1: Yes, the research is clear: Goal-setting improves our performance.  

But there’s more to the story.

“Simple as the idea of goal setting might seem, there’s trouble in the particulars,” Steven Kotler writes in his brilliant book The Art of the Impossible

“What the research shows is that not every goal is the same, nor is every goal appropriate for every situation and—most important—the wrong goal in the wrong situation can seriously hinder performance and actually lower productivity and motivation.”  

There are three types of goals, Steven tells us: (1) massively transformative, (2) high and hard, and (3) clear goals.  

Each type of goal corresponds to a different timescale.

A massively transformative purpose (MTP) lasts a lifetime. A high, hard goal may take years to achieve. And clear goals are accomplished one day or minute at a time.

The bottom line? We must know which goal to focus on when. “Across the shorter timescales of the moment, attention needs to be on the task at hand (the clear goal) and not the reason for doing the task (the high, hard goal or MTP),” Steven writes. “Getting this wrong can block flow—depriving goal setters of the very boost in performance we’ll need to achieve those goals.”

Over the next three days, we will do a deep dive into each type of goal and when and why we should focus on each.

We begin with a massively transformative purpose. This is the BIG dream we are chasing. It becomes the overarching purpose or mission statement for our life.  

Steven breaks it down:

“Massively means large and audacious.  

“Transformative means able to bring significant change to an industry, community, or the planet.  

“And purpose? A clear why behind the work being done.”  

2: The big question for today? How do we actually identify our life’s purpose? It sounds intimidating.  

But it doesn’t have to be, Steven tells us.

We begin by taking out a pen and a piece of paper. We write down fifteen massive problems we would like to see solved. These are issues in the world that bother us. Frustrate us. We shake our heads: There must be a better way!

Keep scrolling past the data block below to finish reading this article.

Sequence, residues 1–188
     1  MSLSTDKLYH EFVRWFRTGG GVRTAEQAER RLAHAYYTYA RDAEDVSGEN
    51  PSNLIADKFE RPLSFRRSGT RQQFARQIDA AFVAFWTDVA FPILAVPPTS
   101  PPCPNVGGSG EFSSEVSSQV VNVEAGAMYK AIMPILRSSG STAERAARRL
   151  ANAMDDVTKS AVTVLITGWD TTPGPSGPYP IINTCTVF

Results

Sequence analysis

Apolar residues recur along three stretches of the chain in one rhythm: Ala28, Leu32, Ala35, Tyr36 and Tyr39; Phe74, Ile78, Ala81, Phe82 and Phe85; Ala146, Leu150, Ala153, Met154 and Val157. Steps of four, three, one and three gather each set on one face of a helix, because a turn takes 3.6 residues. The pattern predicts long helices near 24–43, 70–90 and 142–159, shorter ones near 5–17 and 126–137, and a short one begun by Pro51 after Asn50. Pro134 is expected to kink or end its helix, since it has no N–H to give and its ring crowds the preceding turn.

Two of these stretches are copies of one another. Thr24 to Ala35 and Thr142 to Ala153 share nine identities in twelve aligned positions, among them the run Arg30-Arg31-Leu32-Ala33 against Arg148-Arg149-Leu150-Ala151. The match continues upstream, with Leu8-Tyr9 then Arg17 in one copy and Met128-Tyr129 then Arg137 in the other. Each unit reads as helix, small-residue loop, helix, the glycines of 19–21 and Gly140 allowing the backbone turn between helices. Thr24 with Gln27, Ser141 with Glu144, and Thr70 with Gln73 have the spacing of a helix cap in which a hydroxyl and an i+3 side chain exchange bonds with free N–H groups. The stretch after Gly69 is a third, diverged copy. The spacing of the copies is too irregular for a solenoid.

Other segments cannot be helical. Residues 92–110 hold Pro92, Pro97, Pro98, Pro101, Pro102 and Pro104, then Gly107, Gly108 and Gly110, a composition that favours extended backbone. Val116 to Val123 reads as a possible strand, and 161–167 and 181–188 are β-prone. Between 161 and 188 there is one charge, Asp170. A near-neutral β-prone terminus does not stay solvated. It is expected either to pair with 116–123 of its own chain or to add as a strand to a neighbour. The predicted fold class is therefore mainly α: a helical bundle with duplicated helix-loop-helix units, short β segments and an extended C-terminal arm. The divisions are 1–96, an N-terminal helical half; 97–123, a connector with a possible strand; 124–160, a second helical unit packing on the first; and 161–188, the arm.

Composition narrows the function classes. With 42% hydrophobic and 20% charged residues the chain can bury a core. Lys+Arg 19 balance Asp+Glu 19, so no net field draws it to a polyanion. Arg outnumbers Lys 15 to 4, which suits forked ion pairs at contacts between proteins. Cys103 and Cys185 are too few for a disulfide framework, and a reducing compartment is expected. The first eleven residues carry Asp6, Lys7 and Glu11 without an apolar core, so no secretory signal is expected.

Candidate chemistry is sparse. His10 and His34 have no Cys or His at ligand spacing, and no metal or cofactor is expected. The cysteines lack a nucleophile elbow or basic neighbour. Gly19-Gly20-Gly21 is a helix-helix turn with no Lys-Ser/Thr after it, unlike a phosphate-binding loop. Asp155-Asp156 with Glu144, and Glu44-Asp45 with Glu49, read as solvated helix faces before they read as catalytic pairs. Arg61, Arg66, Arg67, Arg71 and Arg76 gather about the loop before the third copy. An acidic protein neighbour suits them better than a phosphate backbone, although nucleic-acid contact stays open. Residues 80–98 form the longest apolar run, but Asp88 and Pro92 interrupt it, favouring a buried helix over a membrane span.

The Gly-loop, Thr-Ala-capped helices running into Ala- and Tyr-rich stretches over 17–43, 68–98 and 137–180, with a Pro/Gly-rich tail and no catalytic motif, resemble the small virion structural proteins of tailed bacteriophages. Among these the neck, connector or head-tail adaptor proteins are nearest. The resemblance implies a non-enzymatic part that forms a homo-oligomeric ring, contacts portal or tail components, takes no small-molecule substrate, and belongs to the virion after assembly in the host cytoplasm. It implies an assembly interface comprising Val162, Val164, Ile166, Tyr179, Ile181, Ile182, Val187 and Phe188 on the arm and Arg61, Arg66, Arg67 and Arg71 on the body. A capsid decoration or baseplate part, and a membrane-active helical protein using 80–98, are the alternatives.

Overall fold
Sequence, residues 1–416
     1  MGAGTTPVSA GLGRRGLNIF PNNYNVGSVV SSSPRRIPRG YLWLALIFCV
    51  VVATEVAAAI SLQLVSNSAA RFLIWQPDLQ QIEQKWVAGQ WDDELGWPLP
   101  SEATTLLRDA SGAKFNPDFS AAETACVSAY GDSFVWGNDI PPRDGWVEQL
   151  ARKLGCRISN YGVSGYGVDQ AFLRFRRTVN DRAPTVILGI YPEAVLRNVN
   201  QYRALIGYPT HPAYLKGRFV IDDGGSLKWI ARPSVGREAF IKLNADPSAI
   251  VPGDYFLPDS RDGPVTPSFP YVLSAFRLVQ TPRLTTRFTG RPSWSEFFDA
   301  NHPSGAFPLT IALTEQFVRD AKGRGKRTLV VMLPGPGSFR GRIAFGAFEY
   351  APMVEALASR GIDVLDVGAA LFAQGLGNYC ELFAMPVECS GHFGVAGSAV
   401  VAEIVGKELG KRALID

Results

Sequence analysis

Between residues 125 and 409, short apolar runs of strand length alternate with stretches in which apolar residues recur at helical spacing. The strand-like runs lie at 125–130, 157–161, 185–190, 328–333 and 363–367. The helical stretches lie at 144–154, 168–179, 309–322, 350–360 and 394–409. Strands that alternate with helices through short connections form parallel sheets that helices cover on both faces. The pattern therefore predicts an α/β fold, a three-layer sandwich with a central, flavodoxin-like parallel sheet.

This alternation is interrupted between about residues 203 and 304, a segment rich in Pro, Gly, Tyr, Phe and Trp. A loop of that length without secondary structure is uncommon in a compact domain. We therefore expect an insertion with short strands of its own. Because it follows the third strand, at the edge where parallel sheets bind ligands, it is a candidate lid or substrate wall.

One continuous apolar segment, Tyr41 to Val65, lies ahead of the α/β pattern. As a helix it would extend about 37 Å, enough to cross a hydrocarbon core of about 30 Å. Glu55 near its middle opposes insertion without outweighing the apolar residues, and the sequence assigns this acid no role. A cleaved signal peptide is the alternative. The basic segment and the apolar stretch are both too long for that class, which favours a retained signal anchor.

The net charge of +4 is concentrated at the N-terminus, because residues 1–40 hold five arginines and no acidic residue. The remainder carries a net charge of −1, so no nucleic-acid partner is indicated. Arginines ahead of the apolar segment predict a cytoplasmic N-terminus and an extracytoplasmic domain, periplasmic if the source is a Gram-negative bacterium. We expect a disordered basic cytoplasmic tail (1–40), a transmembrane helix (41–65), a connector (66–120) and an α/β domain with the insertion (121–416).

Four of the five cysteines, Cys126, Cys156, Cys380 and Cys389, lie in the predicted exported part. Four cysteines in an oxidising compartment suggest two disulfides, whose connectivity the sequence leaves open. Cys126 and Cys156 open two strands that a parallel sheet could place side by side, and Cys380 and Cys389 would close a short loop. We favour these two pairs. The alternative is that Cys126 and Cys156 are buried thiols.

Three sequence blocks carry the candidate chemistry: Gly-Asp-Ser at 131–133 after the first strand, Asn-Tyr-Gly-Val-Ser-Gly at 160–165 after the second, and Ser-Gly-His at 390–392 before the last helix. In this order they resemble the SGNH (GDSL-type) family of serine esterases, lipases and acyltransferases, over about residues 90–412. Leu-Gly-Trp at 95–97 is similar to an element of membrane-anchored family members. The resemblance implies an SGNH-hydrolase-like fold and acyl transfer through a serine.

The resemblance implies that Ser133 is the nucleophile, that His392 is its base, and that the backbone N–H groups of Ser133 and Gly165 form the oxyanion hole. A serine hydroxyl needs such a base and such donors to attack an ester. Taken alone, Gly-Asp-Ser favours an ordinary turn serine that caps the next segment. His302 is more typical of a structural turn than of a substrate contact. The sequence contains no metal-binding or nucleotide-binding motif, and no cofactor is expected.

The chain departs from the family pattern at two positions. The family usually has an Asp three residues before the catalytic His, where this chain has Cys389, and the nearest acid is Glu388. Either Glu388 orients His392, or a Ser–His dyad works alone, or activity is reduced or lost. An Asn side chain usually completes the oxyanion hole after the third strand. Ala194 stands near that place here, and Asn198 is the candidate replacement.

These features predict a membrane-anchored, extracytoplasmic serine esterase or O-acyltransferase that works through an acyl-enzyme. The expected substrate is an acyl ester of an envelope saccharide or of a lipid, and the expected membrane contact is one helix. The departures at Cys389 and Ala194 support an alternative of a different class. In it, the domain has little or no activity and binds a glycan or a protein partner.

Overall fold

Some examples include “hunger, poverty, or, my personal favorite: protecting biodiversity,” Steven writes. He suggests being specific. “Instead of just ‘protecting biodiversity,’ he writes, “take it a step further and add in the details: ‘Establish mega-linkages to protect biodiversity.'”

This exercise can be done quickly. Perhaps fifteen or twenty minutes. Again, it does not need to be a big, overwhelming project.

This is where it gets interesting. Steven recommends doing this exercise in concert with another activity to identify what we are passionate about. A question we explored last week.

Once we have our two lists: (1) the massive problems we care about and (2) the topics we are passionate about, we hunt for the overlap. The magic is in finding “where our core passion intersects with one or more of these grand, global challenges—a place where our personal obsession might be a solution to some collective problem.”

The place where our passion overlaps with a grand social problem?  

That is our purpose.  

We’ve just made a breakthrough on our path to discovering the mission statement for our life.  

We now likely “have two or three core passion/purpose combinations,” Steven writes. “This is the sketch outline for our our MTP’s (massively transformative purposes). Now all’s that’s required is to turn those ideas into core mission statements.”

3: Two final points: First, once we have our MTP, we now use it as a “first filter,” he suggests. When projects come our way, if it doesn’t advance our mission statement, then it’s a “no.”

“This is critical,” Steven writes. “It doesn’t do much good to do all this work to increase motivation, only to squander it on the frivolous. MTPs, utilized properly, aren’t aspirational, they’re filtrational; they weed out the work that doesn’t matter.”

Second, Our MTP is “a great foundation for a commercial enterprise. Don’t sleep on this detail,” he recommends. Because if really want to cultivate our passion and purpose, at some point, we will need to find a way for that passion and purpose.

More tomorrow!


Reflection: What are fifteen massive problems I would like to see solved? What are the worldwide issues that bother and frustrate me?  

Action: Take fifteen minutes and write them down. Now look for the intersection between this list and my passion recipe. This is my purpose.

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